July marks the sixth month anniversary of my Write Chain Challenge that I set for myself in December 2016. My challenge for myself was to write 200 words every day. Each day that you write, you add a “link” (proverbial or real, it’s up to you) to your chain. If you don’t write, your chain breaks and you have to start again. I can’t count how many times I heard from someone “just skip it and write extra the next day!” or “write double today so you can skip tomorrow!” but I refused to bend my principles on this. And I can proudly say that I’ve written at least 200 (sometimes more!) a day since December 1st. And in that time, I’ve added over 70,000 words to my WIP. By no means does this mean my manuscript is done. No, this was just the push I needed to complete my first draft. Believe me, there are still a lot of rough spots. Literally, the whole last fourth of the book needs so much work! But there are also a lot of really compelling and thought-provoking passages. At least, I hope they will be to the reader because they are to me! But in these past six months, I’ve learned some very valuable lessons in writing.
Excuse me while I sing a few bars of “We Know” from Hamilton . . . Okay. I’m back. The best thing about writing everyday, is that everyday I know that’s #1 on my “To-Do” list. I’m a total paper planner person and I look forward every December to picking up a whole new planner for the coming year and jotting down my goals: daily, weekly, monthly, short-term, long-term. I love turning my dreams into reality and goals help keep me on track. It’s important that my planners not only include the monthly chart, but also a weekly breakdown. In this year’s planner, I’ve recorded the number of words I’ve written that day in a little box on each day to help keep me accountable. Generally, writing is the last thing I do at night so I also keep an active Note going on my phone so that I can quickly jot down the word count and then I transpose it into my planner in the morning. I’m such an oddball when it comes to routine. Too much and I find myself burning out and bucking against against all rules and systems. But with certain things, I find I crave the habit. Writing is one such habit that energizes and revitalizes me. I always feel lighter and happier when I’ve completed my daily word count.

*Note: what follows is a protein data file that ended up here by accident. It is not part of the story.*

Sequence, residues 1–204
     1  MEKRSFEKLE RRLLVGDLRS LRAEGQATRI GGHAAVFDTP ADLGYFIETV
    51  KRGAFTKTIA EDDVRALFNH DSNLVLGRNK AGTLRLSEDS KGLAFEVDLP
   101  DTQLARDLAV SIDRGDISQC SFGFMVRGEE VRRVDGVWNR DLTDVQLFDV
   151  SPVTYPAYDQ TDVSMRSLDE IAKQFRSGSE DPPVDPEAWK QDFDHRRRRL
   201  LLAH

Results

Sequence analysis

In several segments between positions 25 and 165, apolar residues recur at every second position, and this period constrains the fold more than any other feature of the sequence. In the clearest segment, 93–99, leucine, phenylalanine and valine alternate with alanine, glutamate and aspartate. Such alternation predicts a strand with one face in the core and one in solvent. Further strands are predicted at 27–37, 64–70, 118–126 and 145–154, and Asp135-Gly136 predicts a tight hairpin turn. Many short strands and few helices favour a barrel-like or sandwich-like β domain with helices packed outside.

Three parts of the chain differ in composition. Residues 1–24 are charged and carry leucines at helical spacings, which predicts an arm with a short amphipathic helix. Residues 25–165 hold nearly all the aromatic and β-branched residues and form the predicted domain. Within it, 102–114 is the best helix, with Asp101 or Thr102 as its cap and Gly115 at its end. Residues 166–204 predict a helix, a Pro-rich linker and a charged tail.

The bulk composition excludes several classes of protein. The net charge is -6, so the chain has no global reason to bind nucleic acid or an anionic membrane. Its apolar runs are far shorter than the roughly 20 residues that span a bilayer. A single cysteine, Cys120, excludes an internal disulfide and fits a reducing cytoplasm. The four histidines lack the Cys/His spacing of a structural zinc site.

“Writer’s Block” is Non-Existent
And because I’m showing up everyday, the story continues to live on in my mind. Hemingway once said:
“The best way is always stop when you are going good and when you know what will happen next. If you do that everyday when you are writing a novel you will never be stuck.”
That’s really the best advice. And, with Hemingway, said in the simplest of terms. (Sidebar: has anyone seen Midnight in Paris? It’s one of my favorite movies to watch, at midnight preferably, and I think Corey Stoll is so amazing as Hemingway!) Of course, there are still days I clack away at the keys and that little voice goes, “this is straight shit, you know that right? Pure and utter shit. You should probably just delete it.” God, I hate that voice. It’s so annoying. And also, so, so wrong. But I roll my eyes and power through and tell that little voice to suck it. And then the words flow.